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What is a QROPS?

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Under new guidelines from HM Revenue & Customs (HMRC), retirement savers transferring cash from the UK to a Qualifying Recognised Overseas Pension Scheme (QROPS) need to carry out due diligence on the receiving pension.

The rules defining a QROPS are complicated and almost impenetrable to professional IFAs, so how do you know whether your offshore pension meets the rules?

Getting the answer wrong is expensive. HMRC treats a pension transfer to a scheme that is not a QROPS as an ‘unauthorised pension withdrawal’ and sets penalties starting at 55% of the transferred fund.

Identifying a QROPS

So here’s a step-by-step guide to identifying a QROPS.

  • The scheme must be an overseas pension

This seems simple enough but means the pension must be:

  • Based outside the UK
  • Meets the regulations requirements test, which basically means the place where the QROPS is based has an official financial regulator
  • Meets the tax recognition test. To do this, the pension must be open to residents in the place where it is based and the local tax authority must tax personal income

More technical detail from HMRC

  • The pension must pass the benefits tax relief test, providing its not a public service pension or set up by an international organisation.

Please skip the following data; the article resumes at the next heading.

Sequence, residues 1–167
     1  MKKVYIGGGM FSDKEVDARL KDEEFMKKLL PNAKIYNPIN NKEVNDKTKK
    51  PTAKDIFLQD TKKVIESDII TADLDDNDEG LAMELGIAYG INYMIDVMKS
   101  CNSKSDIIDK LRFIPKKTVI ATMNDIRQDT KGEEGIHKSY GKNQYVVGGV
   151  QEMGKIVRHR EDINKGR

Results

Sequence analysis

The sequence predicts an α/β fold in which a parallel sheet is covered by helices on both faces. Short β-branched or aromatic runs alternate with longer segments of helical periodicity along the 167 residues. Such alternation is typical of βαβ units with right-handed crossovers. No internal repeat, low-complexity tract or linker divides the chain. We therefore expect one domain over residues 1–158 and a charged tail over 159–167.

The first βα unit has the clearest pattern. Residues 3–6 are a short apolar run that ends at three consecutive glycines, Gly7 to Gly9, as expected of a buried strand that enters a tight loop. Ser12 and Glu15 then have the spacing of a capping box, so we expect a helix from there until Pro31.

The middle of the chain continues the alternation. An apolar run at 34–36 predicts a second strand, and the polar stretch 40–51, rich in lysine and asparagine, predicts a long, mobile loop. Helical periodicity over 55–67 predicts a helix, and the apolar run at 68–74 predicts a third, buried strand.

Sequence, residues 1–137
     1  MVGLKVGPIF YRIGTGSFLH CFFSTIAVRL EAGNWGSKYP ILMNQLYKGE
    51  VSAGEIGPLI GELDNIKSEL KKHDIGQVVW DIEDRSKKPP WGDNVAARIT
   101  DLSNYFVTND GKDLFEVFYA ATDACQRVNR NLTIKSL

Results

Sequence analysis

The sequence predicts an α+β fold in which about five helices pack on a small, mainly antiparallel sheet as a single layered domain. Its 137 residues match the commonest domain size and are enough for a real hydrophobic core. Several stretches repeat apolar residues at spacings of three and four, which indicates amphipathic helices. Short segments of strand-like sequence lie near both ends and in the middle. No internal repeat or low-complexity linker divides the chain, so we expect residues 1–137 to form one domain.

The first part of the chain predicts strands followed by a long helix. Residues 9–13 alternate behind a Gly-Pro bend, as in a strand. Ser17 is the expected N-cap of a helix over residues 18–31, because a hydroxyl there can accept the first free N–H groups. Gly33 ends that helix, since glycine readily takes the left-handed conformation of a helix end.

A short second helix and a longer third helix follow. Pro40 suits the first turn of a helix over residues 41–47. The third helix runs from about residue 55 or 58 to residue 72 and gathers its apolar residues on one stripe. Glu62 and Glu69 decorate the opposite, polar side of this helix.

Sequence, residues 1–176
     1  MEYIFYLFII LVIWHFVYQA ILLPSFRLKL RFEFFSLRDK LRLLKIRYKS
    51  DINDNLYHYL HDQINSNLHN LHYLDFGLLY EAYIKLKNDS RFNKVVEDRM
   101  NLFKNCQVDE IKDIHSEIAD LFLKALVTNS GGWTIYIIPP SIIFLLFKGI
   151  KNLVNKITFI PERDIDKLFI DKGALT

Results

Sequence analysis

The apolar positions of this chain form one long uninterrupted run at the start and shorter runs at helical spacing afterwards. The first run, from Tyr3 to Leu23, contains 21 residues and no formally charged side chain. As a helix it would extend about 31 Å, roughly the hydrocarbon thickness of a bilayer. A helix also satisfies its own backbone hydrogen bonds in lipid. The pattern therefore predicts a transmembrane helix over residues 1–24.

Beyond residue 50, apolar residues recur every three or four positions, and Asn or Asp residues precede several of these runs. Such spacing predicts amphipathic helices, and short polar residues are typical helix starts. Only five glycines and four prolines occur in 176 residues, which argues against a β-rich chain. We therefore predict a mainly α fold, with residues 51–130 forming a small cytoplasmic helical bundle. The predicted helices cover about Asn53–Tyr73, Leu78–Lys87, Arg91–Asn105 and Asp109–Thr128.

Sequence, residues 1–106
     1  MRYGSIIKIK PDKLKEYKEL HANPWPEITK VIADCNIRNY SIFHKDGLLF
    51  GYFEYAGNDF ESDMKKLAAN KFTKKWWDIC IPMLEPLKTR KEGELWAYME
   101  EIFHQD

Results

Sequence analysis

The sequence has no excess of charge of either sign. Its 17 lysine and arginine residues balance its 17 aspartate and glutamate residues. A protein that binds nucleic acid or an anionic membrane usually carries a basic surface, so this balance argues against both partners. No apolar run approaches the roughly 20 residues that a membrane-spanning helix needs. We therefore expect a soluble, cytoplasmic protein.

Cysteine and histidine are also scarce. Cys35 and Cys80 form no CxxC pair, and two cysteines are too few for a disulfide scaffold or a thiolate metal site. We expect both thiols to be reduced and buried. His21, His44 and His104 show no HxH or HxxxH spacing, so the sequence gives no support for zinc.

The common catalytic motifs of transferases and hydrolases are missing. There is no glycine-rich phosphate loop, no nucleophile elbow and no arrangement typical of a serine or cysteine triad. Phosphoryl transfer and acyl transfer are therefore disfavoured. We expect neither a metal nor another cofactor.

The test calls for parity between tax relief on pension payments for resident and non-resident taxpayers in the country where the QROPS is based.

More technical detail from HMRC

  • The QROPS must pass the pension age test, providing its not a public service pension or set up by an international organisation.

The test bars pension payments to anyone under the UK statutory minimum retirement age, which is currently 55 years old, except in exceptional circumstances, such as ill-health.

More technical detail from HMRC

  • The QROPS must be based in the European Economic Area (EEA) or a country other than New Zealand that has a double taxation agreement with the UK, unless the New Zealand pension is a Kiwisaver scheme.
  • If the pension is based outside the EEA, the scheme must ring fence 70% of funds transferred in to pay the retirement saver a pension for life
  • If the pension is one of certain Guernsey schemes, the QROPS must be closed to Guernsey non-residents.

More technical detail from HMRC
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